This is totally wrong. In 2006 Neumark and Wascher reviewed over one hundred existing studies of the employment impact of the minimum wage. Of these, two-thirds showed a relatively consistent indication that minimum wage increases cause increases in unemployment. Of the thirty-three strongest studies, 85 per cent showed unemployment effects. And “when researchers focus on the least-skilled groups most likely to be adversely affected by minimum wages, the evidence for disemployment effects seems especially strong”.
Few people stay on low-wage jobs for their whole lives: minimum wage work is usually a stepping-stone to something better where employees can acquire human capital. There is evidence that suggests that minimum wages deter young workers from acquiring these skills that allow them to get better jobs in the long run. Note also that minimum wages have been used explicitly to kick away the ladder for minorities: by whites in pre-Apartheid South Africa; by anti-Hispanic campaigner Ron Unz in California; and by, er, Polly Toynbee in a recent Guardian column.
Tyler Cowen reminds us to make sure our views of sticky wages and minimum wages are consistent: if “worker-imposed minimum wages” (sticky wages) lead to unemployment, as most Keynesians (among others, including me) believe, why would “state-imposed minimum wages” not also do so? (“Have you no respect for the law (of demand)?”, asks Will Wilkinson.)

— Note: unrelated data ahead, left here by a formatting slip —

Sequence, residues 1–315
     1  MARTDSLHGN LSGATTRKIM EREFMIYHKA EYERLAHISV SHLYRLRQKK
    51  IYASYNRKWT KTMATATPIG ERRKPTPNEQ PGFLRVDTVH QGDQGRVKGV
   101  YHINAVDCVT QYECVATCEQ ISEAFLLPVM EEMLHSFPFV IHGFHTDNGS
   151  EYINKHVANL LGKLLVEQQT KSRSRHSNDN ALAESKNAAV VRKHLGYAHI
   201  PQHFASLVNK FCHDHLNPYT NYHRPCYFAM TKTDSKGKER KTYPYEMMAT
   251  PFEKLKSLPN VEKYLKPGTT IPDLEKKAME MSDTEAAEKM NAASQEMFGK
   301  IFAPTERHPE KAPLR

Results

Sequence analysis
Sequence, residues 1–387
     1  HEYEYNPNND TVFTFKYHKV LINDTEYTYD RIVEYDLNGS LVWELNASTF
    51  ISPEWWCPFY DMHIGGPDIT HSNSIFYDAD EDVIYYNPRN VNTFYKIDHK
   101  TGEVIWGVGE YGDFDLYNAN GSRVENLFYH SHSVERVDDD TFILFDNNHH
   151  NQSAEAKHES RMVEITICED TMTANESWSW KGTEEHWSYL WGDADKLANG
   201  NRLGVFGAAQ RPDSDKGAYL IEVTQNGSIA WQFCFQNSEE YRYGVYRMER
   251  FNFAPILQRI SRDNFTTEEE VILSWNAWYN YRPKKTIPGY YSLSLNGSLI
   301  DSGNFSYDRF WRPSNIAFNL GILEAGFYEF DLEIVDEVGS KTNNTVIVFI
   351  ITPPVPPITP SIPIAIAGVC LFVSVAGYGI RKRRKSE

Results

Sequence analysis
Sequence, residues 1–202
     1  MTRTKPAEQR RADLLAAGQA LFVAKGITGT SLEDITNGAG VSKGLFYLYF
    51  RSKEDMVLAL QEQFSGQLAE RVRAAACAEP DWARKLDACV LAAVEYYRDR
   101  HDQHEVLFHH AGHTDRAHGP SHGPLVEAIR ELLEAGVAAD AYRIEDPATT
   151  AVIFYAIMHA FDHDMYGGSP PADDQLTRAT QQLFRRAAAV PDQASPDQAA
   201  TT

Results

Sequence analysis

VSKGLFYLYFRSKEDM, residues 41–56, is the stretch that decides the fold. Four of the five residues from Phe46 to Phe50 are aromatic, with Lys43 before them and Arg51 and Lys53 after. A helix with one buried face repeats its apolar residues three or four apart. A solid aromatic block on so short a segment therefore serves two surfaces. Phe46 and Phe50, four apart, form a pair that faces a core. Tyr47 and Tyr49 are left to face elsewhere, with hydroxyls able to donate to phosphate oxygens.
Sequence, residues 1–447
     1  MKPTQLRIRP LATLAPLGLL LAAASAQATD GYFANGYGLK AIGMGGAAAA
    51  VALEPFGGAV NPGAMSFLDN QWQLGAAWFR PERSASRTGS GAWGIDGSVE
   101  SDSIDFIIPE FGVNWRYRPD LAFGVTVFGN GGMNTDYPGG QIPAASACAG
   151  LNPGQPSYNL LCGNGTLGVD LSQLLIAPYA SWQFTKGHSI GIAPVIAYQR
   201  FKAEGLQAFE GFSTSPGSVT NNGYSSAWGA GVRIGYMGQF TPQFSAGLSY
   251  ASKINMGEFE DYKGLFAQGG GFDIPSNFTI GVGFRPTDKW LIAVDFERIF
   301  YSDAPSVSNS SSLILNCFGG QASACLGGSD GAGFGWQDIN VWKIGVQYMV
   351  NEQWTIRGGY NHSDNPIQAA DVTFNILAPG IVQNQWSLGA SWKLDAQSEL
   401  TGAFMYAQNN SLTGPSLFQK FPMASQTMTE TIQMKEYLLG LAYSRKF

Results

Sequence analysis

Given that we know that minimum wage increases usually cause some unemployment, why take this chance when we could just give money to poor people directly? As we’ve been saying for years, the difference between the current pre-tax minimum wage and the post-tax “living wage” is roughly as much as a minimum wage worker pays in income tax and national insurance: in other words, if that worker didn’t pay tax, they would be earning a living wage. It looks as if the personal allowance will soon rise to the minimum wage level, but the national insurance contribution threshold needs to rise too.
But let’s go even further: if we replaced the tax credit and welfare systems with a Negative Income Tax (or Basic Income – call it whatever you want), we would top-up the wages of low-paid workers directly. Jeremy Warner calls for this in the Telegraph today, and I outlined something similar a few weeks ago. Yes, I’d like all the standard supply-side deregulations as well, but a Negative Income Tax would act as an insurance policy against the potential down-sides of such deregulations, strengthening workers’ bargaining power and addressing the fears of those who worry that deregulations will hurt some workers.